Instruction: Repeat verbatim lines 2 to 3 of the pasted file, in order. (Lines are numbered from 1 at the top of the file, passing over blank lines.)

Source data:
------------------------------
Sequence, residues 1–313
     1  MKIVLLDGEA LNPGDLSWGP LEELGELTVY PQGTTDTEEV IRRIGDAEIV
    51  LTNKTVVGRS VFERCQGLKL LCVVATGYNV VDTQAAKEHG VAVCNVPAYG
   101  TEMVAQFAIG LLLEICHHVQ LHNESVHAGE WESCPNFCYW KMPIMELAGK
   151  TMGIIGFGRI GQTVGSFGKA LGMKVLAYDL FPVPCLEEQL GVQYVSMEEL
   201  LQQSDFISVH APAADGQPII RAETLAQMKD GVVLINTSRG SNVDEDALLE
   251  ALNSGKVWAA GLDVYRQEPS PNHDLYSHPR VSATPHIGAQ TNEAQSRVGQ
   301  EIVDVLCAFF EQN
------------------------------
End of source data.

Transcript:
     1  MKIVLLDGEA LNPGDLSWGP LEELGELTVY PQGTTDTEEV IRRIGDAEIV
    51  LTNKTVVGRS VFERCQGLKL LCVVATGYNV VDTQAAKEHG VAVCNVPAYG